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Students Accuse University of Curbing Free Speech

Students claim in a federal lawsuit that Grand Valley State University restricts their expressive activity to two small areas on campus and requires them to get permission before using those “speech zones.”

(CN) – Students claim in a federal lawsuit that Grand Valley State University restricts their expressive activity to two small areas on campus and requires them to get permission before using those “speech zones.”

Turning Point USA at Grand Valley State University, and two students, Tim McKeeby and Joe Tucker, sued eight trustees of Grand Valley State University in Grand Rapids federal court on Wednesday.

According to the 25-page complaint, Grand Valley State University, a public liberal arts school located in Allendale, Mich., has a "free speech/open forum areas policy" that regulates expressive activity, limiting such activity to two small areas on campus and requiring students to get the university’s permission before engaging in free speech in those designated zones.

The policy also allows Grand Valley unbridled discretion to restrict the content and viewpoint of student speech, the students say.

On Oct. 17, McKeeby, Tucker and two others were on a large open walkway in front of the university’s Student Services building and were talking with other students about their First Amendment rights, according to the complaint.

McKeeby and Tucker say students were writing messages on a large beach ball called a "free speech ball” when Grand Valley administrators and campus security approached them and said they were violating the school's speech-zone policy and were not allowed to conduct "expressive activity" in that specific area of campus.

The students were told "that they must immediately stop engaging in the speech activities or they would be arrested for trespassing," the complaint states.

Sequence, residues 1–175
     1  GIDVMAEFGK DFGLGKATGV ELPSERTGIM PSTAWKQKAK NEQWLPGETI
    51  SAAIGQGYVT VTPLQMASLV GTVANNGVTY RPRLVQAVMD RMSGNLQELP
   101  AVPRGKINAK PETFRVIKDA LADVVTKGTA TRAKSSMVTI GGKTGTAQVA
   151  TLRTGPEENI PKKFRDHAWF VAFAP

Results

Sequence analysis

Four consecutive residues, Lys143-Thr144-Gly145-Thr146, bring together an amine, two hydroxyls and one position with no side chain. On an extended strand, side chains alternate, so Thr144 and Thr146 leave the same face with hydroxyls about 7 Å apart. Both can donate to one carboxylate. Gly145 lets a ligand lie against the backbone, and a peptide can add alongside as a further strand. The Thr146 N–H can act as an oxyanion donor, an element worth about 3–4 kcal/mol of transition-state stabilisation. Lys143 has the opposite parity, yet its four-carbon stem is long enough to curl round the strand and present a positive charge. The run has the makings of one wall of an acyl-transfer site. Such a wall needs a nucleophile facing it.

Turning Point USA, which was founded by McKeeby, is run by a group of Grand Valley students who are interested in speaking with fellow students about important issues, including their rights to free speech and assembly.

The group says Grand Valley’s policy and practices have deprived them of those freedoms.

“The campus of a public university has been called a ‘marketplace of ideas.’ That marketplace depends on free expression by students,” the complaint states.

The students seek a ruling that the speech-zone policy and its enforcement violates their rights under the First and Fourteenth Amendments.

They are represented by Tyson Langhofer with Alliance Defending Freedom in Scottsdale, Ariz., and by David & Wierenga PC in Grand Rapids, Mich.

In addition to the trustees, Grand Valley State President Thomas J. Haas – along with Gayle R. Davis, executive vice president for academic and student affairs, and Bob Stoll, associate dean of student life – are also named defendants.

Mary Eilleen Lyon, associate vice president for university communications at Grand Valley, said in a statement that the university "embraces the First Amendment and encourages, supports and defends free speech."

"As to the event in question, an organization not affiliated with the university -- not a registered student organization -- reserved a public gathering space through the university’s event services unit for a 'free speech ball' event. Participants did not follow the policy for outside organizations using university property because after the event was underway, participants moved out of the space that had been reserved for their use," Lyon said. "When asked to return to the reserved space, participants dispersed, voluntarily bringing the event to an end. "

Categories / Civil Rights, Education

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